Geographical feature

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A feature, in the context of geography and geographic information science, is a phenomenon that exists at a location in the space and scale of relevance to geography; that is, at or near the surface of the Earth, at a moderate to global scale. Almost all geographic information, such as that represented in maps, geographic information systems, remote sensing imagery, statistics, and other forms of geographic discourse, consists of descriptions of geographic features, including their inherent nature, their spatial form and location, and their characteristics or properties.


The term "feature" is meant to be broad and inclusive, including both natural and human-constructed phenomena. It is metaphysically neutral, including both phenomena that exist physically (e.g. a building) and those that are conceptual or social creations (e.g. a county). In an ontological sense, the term is generally restricted to endurants, thus not including spatial processes and events.

In geographic information science, the terms feature, phenomenon, object, and entity are generally used as roughly synonymous. In the 1992 Spatial Data Transfer Standard (SDTS), one of the first public standard models of geographic information, an attempt was made to formally distinguish them: an entity as the real-world phenomenon, an object as a representation thereof (e.g. on paper or digital), and a feature as the combination of both entity and representation objects.[1] Although this distinction is often cited in textbooks, it has not gained lasting nor widespread usage. In the ISO 19101 Geographic Information Reference Model[2] and Open Geospatial Consortium (OGC) Simple Features Specification,[3] international standards that form the basis for most modern geospatial technologies, a feature is defined as "an abstraction of a real-world phenomena," essentially the object in SDTS.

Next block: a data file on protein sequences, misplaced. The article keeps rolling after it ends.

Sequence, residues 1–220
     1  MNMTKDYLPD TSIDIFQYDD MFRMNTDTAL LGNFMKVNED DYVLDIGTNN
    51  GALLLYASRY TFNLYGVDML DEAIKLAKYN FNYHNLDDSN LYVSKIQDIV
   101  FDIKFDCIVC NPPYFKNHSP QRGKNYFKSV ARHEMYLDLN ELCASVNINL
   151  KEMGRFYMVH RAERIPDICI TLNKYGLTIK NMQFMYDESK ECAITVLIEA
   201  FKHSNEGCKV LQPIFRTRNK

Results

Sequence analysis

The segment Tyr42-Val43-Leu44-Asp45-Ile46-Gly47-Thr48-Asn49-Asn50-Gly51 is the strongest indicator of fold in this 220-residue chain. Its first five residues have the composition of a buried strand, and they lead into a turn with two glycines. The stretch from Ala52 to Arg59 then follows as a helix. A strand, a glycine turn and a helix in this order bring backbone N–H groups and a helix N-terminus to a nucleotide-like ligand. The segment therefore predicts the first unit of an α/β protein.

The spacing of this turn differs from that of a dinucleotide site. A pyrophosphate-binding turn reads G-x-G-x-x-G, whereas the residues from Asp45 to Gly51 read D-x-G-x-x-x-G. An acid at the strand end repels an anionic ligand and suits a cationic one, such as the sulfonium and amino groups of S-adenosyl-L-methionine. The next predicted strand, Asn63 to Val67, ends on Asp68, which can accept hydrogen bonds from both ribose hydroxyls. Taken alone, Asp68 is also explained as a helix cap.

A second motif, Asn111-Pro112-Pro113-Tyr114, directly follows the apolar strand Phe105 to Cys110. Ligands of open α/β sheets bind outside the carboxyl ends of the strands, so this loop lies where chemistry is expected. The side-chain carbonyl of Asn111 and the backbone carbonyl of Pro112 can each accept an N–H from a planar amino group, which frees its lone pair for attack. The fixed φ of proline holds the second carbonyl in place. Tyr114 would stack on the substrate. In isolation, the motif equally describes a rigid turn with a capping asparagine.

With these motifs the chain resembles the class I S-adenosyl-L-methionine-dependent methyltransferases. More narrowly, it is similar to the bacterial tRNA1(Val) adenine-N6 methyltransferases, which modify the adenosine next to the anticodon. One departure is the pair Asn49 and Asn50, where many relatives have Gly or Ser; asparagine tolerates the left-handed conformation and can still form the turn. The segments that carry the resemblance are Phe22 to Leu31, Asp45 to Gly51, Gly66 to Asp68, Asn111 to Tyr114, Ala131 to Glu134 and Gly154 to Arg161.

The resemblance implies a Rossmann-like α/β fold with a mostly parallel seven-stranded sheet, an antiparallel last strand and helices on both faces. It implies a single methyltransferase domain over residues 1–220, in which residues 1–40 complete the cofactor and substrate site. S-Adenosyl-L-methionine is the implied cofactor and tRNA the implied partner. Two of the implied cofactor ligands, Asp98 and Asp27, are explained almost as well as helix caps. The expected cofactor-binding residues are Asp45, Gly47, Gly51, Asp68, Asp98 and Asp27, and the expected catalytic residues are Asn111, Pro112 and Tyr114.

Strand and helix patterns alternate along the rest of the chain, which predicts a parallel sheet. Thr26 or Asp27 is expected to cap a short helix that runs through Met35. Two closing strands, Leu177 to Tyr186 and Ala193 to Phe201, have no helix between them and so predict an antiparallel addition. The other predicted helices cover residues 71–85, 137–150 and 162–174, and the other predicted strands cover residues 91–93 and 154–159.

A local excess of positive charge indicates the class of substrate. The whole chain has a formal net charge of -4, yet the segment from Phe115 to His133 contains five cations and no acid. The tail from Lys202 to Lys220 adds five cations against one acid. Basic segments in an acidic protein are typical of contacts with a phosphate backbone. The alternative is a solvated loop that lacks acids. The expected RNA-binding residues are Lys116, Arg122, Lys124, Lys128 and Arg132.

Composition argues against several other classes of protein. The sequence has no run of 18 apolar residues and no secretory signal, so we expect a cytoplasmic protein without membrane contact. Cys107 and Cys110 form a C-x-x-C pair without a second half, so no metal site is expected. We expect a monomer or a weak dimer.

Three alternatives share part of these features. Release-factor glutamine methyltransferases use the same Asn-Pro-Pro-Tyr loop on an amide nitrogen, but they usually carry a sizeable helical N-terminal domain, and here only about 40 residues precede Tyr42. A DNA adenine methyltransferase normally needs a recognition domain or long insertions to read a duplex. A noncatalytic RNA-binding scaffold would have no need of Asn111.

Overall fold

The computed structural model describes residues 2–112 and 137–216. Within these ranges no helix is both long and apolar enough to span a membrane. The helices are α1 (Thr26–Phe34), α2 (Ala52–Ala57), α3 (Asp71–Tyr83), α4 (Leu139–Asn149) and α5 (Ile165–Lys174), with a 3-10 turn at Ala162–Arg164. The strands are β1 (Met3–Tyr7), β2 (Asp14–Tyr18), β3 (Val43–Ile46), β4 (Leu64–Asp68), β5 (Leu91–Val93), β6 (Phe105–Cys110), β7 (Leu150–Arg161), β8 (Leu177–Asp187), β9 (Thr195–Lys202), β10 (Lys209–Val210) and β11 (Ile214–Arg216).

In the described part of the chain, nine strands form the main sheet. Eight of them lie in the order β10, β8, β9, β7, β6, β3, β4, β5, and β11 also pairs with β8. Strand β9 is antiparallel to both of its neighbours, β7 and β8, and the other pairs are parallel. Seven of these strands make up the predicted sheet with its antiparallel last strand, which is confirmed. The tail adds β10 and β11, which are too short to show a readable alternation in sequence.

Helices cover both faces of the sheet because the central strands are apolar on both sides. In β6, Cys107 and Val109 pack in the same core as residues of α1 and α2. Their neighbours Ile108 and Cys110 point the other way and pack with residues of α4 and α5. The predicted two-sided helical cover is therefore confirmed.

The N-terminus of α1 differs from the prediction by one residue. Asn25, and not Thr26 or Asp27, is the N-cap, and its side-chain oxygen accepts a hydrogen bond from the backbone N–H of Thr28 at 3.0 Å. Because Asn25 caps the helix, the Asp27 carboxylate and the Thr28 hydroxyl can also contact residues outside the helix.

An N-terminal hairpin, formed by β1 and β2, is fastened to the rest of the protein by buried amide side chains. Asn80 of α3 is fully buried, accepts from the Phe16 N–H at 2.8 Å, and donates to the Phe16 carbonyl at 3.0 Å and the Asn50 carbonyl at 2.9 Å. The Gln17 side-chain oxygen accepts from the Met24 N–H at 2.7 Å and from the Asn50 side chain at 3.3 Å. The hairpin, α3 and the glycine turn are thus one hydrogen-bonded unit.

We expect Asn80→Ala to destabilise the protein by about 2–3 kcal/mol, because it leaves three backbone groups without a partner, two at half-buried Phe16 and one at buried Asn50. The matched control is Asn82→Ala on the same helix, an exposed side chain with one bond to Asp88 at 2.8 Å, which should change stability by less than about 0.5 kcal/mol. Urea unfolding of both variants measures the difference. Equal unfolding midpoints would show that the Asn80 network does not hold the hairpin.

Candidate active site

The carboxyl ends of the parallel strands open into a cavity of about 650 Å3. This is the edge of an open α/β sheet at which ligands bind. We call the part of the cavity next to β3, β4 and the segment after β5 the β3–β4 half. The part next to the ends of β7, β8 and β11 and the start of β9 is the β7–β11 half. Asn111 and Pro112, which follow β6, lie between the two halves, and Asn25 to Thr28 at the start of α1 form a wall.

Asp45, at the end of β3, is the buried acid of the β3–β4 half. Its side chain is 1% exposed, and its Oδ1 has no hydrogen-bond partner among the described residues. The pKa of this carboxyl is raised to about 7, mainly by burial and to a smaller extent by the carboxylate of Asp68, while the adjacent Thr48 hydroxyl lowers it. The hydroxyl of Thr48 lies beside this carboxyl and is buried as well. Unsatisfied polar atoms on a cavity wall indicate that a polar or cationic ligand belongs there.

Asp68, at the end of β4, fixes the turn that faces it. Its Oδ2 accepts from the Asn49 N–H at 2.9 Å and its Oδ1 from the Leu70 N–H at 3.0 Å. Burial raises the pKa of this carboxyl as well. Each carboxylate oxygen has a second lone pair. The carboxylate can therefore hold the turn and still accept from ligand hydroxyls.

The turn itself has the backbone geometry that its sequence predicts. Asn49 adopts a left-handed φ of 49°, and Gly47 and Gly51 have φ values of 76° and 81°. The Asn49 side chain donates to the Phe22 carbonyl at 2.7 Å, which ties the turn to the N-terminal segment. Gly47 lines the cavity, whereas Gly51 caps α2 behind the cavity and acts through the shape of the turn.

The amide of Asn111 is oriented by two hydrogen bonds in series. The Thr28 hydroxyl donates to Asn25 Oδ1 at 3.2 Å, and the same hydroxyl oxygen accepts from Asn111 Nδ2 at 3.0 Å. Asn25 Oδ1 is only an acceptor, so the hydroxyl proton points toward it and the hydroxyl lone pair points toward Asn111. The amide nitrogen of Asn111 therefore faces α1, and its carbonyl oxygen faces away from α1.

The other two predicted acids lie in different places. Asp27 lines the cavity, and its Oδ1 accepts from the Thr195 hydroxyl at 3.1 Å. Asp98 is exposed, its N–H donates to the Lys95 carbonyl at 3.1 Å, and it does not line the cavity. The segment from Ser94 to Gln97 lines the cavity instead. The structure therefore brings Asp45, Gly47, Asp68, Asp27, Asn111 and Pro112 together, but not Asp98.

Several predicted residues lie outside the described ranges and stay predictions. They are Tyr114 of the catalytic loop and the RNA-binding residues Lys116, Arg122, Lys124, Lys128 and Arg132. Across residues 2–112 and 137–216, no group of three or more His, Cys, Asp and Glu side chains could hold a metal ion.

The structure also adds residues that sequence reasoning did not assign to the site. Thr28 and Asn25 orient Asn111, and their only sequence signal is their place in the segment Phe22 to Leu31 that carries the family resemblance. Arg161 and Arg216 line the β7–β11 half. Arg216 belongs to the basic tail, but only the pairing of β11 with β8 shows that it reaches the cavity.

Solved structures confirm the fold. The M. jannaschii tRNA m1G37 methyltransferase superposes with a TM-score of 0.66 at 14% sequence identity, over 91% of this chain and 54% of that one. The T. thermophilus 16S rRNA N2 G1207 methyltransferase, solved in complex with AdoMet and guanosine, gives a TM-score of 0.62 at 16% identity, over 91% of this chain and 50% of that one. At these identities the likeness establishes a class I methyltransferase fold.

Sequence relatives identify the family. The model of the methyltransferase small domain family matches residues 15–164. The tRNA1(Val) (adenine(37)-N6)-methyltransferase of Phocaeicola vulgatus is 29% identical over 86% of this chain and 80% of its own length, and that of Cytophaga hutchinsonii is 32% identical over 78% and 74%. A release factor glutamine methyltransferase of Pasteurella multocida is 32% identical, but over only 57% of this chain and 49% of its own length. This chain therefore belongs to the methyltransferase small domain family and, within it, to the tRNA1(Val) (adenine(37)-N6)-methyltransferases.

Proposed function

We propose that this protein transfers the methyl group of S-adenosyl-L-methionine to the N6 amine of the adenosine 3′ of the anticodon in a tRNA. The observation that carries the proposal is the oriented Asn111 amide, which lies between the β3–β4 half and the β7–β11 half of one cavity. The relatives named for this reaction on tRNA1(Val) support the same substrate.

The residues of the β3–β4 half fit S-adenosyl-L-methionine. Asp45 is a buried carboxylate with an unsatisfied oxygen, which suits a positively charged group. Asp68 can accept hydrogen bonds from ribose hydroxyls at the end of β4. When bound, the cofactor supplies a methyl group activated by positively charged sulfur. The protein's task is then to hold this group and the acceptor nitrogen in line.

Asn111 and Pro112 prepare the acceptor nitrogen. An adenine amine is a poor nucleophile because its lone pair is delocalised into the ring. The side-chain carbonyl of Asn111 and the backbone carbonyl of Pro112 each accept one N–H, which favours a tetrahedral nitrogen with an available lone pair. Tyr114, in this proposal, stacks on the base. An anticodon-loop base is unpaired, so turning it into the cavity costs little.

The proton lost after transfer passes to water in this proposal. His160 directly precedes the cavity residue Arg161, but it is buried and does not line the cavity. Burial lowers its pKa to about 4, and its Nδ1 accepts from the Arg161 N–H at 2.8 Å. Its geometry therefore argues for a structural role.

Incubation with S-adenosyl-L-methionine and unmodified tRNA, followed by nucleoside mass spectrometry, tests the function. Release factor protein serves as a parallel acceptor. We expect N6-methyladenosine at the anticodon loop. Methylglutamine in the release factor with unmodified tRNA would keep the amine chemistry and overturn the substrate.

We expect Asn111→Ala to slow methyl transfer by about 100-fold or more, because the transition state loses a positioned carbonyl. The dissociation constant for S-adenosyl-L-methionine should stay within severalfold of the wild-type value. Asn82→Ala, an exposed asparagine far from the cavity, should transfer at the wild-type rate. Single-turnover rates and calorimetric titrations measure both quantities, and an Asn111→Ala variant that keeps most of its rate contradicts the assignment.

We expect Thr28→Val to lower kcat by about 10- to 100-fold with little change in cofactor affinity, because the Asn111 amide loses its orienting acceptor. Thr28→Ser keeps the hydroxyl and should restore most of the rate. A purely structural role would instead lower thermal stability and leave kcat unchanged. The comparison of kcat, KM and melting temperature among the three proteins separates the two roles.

Despite these attempts at formalization, the broadly interchangeable use of these English terms has persisted. That said, Phenomenon is likely the most broad, comfortably including geographic masses, processes, and events that would be difficult to call "objects" or "entities."[4]

Natural geographical features[edit]


There are two different terms to describe habitats: ecosystem and biome. An ecosystem is a community of organisms.[5] In contrast, biomes occupy large areas of the globe and often encompass many different kinds of geographical features, including mountain ranges.[6]

Biotic diversity within an ecosystem is the variability among living organisms from all sources, including inter alia, terrestrial, marine and other aquatic ecosystems.[7] Living organisms are continually engaged in a set of relationships with every other element constituting the environment in which they exist, and ecosystem describes any situation where there is relationship between organisms and their environment.

Biomes represent large areas of ecologically similar communities of plants, animals, and soil organisms.[8] Biomes are defined based on factors such as plant structures (such as trees, shrubs, and grasses), leaf types (such as broadleaf and needleleaf), plant spacing (forest, woodland, savanna), and climate. Unlike biogeographic realms, biomes are not defined by genetic, taxonomic, or historical similarities. Biomes are often identified with particular patterns of ecological succession and climax vegetation.


A landform comprises a geomorphological unit and is largely defined by its surface form and location in the landscape, as part of the terrain, and as such is typically an element of topography. Landforms are categorized by features such as elevation, slope, orientation, stratification, rock exposure, and soil type. They include berms, mounds, hills, cliffs, valleys, rivers, and numerous other elements. Oceans and continents are the highest-order landforms.